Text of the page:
Author Topic: Hive Stands  (Read 11565 times)

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Offline apisbees

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Re: Hive Stands
« Reply #20 on: May 20, 2014, 11:53:09 am »
************ EDIT *************
I meant to include that I'm going to place 4 heavy eye-hooks/screws onto each stand to connect automotive tie-downs to, instead of using bricks on top of the hives.  2 eyelets per hive.
************ EDIT DONE ********
I would be concerned about the hives when they are in full production and high with supers and the hole stand being blown over with the stand not anchored to the ground.
Honey Judge, Beekeeping Display Coordinator, Armstrong Fair and Rodeo.

Offline CpnObvious

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Re: Hive Stands
« Reply #21 on: May 20, 2014, 12:00:40 pm »
I would be concerned about the hives when they are in full production and high with supers and the hole stand being blown over with the stand not anchored to the ground.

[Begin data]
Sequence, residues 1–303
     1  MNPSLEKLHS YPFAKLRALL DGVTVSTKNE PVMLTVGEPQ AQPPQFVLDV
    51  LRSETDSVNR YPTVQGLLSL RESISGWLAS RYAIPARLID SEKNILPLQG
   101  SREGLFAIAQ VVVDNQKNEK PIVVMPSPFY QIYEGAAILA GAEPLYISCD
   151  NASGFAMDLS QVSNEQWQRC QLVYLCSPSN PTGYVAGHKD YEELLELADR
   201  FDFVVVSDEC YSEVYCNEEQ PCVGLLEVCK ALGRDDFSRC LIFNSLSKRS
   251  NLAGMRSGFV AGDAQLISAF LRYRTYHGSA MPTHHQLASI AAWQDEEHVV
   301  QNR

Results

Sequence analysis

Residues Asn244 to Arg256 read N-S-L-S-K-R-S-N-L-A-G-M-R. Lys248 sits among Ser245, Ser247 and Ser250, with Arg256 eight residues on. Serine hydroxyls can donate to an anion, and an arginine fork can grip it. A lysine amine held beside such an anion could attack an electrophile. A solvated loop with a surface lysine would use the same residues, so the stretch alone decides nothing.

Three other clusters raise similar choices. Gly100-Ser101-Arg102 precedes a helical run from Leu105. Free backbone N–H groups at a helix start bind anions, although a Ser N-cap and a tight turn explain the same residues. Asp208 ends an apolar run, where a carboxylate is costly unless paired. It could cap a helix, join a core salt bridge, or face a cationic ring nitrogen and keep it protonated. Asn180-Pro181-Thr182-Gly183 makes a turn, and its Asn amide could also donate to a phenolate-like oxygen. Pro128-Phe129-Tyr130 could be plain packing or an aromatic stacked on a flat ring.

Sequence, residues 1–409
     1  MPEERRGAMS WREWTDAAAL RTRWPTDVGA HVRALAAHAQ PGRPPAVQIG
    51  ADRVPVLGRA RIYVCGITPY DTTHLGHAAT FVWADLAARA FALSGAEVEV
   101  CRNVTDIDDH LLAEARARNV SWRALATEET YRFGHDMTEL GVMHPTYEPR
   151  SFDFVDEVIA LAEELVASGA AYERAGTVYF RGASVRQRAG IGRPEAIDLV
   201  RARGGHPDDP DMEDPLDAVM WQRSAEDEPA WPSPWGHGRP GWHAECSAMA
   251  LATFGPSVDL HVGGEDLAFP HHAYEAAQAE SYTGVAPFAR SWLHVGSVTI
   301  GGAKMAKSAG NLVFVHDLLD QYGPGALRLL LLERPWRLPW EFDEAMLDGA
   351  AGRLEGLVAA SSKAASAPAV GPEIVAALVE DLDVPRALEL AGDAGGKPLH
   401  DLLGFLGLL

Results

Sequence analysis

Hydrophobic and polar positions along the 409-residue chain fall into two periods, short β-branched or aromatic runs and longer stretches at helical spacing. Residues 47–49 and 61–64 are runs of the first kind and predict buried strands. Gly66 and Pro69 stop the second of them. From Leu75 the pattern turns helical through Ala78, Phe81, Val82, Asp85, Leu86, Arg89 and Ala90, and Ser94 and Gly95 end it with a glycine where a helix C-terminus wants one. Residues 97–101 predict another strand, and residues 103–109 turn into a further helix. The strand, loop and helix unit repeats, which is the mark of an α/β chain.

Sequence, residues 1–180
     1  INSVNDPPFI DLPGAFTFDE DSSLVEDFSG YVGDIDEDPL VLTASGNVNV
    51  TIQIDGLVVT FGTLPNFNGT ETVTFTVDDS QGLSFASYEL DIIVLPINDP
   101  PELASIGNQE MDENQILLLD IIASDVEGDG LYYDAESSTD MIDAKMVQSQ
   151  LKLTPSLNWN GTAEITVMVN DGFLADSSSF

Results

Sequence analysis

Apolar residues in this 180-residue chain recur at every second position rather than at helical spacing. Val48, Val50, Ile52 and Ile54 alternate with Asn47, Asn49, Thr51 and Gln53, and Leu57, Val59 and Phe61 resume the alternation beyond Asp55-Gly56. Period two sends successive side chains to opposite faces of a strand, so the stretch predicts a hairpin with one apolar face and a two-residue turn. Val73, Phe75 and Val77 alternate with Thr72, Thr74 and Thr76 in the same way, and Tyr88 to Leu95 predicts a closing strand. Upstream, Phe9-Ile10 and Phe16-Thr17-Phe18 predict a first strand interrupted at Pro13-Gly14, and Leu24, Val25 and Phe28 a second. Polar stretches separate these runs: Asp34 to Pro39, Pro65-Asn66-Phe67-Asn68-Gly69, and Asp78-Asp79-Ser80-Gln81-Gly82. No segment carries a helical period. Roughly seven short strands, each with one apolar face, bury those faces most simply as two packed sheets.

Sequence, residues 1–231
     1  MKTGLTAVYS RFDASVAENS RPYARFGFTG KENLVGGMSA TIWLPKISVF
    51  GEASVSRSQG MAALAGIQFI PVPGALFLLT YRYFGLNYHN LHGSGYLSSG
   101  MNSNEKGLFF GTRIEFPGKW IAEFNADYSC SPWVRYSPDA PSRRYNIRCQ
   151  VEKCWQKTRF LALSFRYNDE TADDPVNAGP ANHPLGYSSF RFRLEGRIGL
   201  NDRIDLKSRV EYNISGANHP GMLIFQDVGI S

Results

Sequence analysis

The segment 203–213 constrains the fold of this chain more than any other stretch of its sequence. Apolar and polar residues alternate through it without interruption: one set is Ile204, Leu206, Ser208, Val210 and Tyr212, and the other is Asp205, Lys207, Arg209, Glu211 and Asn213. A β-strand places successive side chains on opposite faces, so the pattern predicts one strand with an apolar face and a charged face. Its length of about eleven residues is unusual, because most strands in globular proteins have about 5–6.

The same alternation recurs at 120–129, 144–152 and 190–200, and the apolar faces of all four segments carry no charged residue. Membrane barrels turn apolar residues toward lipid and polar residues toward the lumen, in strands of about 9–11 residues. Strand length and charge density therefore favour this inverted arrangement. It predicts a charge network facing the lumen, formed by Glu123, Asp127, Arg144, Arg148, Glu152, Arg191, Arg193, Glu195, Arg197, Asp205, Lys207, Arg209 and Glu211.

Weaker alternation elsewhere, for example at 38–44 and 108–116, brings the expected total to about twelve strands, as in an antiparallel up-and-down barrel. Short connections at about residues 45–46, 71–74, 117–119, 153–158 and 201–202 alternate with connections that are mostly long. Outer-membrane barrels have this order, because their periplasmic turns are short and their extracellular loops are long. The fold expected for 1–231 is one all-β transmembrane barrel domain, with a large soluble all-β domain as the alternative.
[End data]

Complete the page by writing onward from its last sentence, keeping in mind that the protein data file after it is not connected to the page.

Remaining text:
[/quote]

Hmmm.... Well, before that time comes maybe I'll pout a little concrete in the ground at either end with an eyelet in it as well as an eyelet screwed into the bottom of the horizontals and run a cable from end "1A" down through the eyelet in the crete, then back up to horizonal end "1B", and then duplicate on the other side...  If it looks like I'll need, I'll do that... unless someone can offer a better suggestion?

Offline apisbees

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Re: Hive Stands
« Reply #22 on: May 20, 2014, 01:50:33 pm »